July 16, 2009

"Empathy for one party is always prejudice against another." -- Sen. Jeff Sessions, R-Alabama

I was struck by this key sentence in Sessions' opening remarks Monday in the Sonia Sotomayor hearings, especially because he presented it as the essential logic behind their opposition to Sotomayor -- their abiding fear that when she sits on the court, she'll be ruling against every white man who crosses her path.

We know this, according to their logic, because she is Latino -- and because she emphasizes her "empathy" for other Latinos, she will be prejudiced against any non-Latinos in her courtroom.

It is, as logic goes, about as obviously faulty as syllogisms get. Normal human empathy is not exclusive -- that is, our ability to feel empathy for one party does not necessarily exclude empathy for another party (or moreover, in Sessions' formulation, necessitate an animus to any other party). Being empathetic typically means the ability to place oneself in another person's shoes regardless of background. Identifying closely with one group at the exclusion of another typically is the antithesis of empathy.

What Sessions is describing is not empathy but rather the crude tribalism that underscores and animates most racist belief systems, and has done so since time immemorial. It is, essentially, an almost astonishing confession to being racist on Sessions' part.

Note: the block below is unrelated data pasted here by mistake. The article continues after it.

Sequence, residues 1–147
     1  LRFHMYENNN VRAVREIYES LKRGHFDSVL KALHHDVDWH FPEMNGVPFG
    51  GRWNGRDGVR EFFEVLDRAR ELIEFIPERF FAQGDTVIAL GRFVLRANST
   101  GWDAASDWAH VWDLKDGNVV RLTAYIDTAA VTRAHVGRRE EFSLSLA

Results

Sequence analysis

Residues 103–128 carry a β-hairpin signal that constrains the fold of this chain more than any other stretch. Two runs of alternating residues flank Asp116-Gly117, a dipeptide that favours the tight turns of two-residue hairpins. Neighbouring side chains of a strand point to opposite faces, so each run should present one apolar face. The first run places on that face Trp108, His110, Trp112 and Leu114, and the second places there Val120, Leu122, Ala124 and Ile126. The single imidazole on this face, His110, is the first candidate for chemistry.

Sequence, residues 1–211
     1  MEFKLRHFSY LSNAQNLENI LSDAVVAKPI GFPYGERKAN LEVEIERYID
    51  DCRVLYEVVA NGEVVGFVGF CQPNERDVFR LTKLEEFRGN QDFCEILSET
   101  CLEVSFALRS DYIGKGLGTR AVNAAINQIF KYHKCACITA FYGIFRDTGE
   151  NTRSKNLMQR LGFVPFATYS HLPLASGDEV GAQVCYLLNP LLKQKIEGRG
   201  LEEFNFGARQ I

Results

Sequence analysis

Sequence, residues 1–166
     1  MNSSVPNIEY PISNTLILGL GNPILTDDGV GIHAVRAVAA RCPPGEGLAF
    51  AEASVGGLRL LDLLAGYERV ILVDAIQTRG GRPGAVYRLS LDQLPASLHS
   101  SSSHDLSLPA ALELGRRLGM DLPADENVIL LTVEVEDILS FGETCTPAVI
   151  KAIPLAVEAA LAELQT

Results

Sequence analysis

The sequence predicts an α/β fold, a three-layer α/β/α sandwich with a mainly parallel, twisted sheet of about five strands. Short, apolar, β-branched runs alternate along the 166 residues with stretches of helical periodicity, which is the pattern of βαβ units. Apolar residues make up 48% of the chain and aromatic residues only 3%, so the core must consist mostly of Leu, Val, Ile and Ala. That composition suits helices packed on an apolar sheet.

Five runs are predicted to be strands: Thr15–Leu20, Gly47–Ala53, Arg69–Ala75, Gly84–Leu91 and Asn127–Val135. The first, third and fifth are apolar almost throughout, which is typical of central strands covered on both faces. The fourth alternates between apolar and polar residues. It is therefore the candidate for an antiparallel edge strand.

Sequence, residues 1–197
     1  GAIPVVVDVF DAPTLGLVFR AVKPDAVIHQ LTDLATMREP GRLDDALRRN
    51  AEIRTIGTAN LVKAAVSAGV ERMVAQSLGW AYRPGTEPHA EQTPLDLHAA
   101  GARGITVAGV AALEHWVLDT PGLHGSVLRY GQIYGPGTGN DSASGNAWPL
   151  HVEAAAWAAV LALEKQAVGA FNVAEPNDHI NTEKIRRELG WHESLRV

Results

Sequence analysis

And it animates not just Sessions but nearly the whole of movement conservatism and the Republican Party. If you were to poll Republican senators this week and ask them if they agreed with Sessions' "logic," I'd wager the numbers would be in the vicinity of 90 percent.

Nor is it just the senators. Look at Pat Buchanan yesterday, and Rush Limbaugh every day. The same core belief -- that empathy for Latinos, or black people, or any nonwhite, equals prejudice against whites -- indeed animates nearly the entirety of the conservative movement. I'd like to find a single conservative who would repudiate Sessions' formula. I bet I won't.

Rachel Maddow provided an ample survey of how bad it is out there last night. She was especially appalled by his column calling for Republicans to indulge in nakedly racial appeals to gain the sympathy of white voters -- though of course, for Buchanan, this is nothing particularly new. Back in 1989, he was arguing to the GOP to gradually adopt David Duke's positions at the time. And you know what? They did.

Maddow says Buchanan will be on her show to explain himself tonight. That should be entertaining. She won't need to ask Buchanan if he agrees with Sessions -- I think we already know the answer.

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